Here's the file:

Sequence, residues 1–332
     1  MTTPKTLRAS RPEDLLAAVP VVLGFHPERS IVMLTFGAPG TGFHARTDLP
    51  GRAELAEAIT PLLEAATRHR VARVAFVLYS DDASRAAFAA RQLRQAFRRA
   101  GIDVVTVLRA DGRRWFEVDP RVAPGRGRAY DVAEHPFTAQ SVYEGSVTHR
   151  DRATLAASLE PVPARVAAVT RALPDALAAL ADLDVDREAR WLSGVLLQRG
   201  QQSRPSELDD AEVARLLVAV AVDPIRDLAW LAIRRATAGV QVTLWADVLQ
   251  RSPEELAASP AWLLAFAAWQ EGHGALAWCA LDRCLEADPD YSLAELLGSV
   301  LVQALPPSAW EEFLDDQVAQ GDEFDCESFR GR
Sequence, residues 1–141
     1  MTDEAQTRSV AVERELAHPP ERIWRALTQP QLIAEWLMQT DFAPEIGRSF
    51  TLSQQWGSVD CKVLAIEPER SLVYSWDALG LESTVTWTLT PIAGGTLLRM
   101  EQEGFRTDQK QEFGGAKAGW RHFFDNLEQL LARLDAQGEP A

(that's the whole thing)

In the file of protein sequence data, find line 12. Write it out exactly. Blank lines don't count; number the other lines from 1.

   101  EQEGFRTDQK QEFGGAKAGW RHFFDNLEQL LARLDAQGEP A